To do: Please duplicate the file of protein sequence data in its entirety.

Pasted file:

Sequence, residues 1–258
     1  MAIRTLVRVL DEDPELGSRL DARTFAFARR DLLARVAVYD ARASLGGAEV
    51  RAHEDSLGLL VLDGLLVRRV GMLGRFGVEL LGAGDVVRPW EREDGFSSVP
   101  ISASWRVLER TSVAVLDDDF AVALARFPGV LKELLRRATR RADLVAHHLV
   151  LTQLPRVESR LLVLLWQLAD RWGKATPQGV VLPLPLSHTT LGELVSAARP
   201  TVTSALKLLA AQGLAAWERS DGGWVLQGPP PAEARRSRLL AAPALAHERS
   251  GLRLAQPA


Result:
Sequence, residues 1–258
     1  MAIRTLVRVL DEDPELGSRL DARTFAFARR DLLARVAVYD ARASLGGAEV
    51  RAHEDSLGLL VLDGLLVRRV GMLGRFGVEL LGAGDVVRPW EREDGFSSVP
   101  ISASWRVLER TSVAVLDDDF AVALARFPGV LKELLRRATR RADLVAHHLV
   151  LTQLPRVESR LLVLLWQLAD RWGKATPQGV VLPLPLSHTT LGELVSAARP
   201  TVTSALKLLA AQGLAAWERS DGGWVLQGPP PAEARRSRLL AAPALAHERS
   251  GLRLAQPA